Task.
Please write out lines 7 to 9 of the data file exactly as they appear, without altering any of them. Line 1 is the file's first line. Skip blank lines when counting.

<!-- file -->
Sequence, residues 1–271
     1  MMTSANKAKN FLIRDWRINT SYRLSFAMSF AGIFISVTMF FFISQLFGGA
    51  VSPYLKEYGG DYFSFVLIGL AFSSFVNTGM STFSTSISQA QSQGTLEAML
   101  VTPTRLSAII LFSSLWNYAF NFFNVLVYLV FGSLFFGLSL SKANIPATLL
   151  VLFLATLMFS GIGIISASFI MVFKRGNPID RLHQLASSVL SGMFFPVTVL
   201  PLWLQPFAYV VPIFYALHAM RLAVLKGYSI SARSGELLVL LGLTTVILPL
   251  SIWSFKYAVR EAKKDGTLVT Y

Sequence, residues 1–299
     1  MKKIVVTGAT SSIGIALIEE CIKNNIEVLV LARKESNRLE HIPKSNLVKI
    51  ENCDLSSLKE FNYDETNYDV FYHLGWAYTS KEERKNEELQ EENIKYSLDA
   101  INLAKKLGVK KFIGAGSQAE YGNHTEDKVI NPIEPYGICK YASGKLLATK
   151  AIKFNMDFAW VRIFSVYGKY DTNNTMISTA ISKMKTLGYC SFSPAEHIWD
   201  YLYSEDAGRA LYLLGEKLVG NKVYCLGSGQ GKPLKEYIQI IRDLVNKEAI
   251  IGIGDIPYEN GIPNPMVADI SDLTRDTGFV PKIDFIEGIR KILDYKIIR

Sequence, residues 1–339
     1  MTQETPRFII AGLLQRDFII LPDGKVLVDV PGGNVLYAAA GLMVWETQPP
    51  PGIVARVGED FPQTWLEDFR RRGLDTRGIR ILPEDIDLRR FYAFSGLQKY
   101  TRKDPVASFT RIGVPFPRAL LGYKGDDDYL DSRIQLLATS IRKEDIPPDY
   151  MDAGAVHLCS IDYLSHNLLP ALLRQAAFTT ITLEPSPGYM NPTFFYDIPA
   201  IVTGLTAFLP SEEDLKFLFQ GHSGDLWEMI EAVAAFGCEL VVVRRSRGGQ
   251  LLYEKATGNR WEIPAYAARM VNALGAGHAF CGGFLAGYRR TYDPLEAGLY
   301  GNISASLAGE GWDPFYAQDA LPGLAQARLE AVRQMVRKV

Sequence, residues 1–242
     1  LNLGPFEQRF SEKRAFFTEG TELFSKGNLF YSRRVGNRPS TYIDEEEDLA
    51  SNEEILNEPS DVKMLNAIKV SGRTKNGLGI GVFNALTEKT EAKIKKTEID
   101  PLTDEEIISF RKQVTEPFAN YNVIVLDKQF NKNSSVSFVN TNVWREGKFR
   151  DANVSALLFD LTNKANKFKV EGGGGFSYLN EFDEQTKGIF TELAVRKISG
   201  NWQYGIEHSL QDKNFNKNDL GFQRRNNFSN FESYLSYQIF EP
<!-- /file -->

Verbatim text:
   251  SIWSFKYAVR EAKKDGTLVT Y

Sequence, residues 1–299
     1  MKKIVVTGAT SSIGIALIEE CIKNNIEVLV LARKESNRLE HIPKSNLVKI